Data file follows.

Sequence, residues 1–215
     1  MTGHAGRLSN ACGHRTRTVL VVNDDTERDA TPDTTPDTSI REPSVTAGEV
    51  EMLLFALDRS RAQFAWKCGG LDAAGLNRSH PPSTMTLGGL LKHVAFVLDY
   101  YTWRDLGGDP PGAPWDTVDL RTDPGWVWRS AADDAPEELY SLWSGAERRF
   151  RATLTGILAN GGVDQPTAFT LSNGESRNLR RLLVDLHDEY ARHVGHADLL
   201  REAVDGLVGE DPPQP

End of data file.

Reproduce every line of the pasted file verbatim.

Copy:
Sequence, residues 1–215
     1  MTGHAGRLSN ACGHRTRTVL VVNDDTERDA TPDTTPDTSI REPSVTAGEV
    51  EMLLFALDRS RAQFAWKCGG LDAAGLNRSH PPSTMTLGGL LKHVAFVLDY
   101  YTWRDLGGDP PGAPWDTVDL RTDPGWVWRS AADDAPEELY SLWSGAERRF
   151  RATLTGILAN GGVDQPTAFT LSNGESRNLR RLLVDLHDEY ARHVGHADLL
   201  REAVDGLVGE DPPQP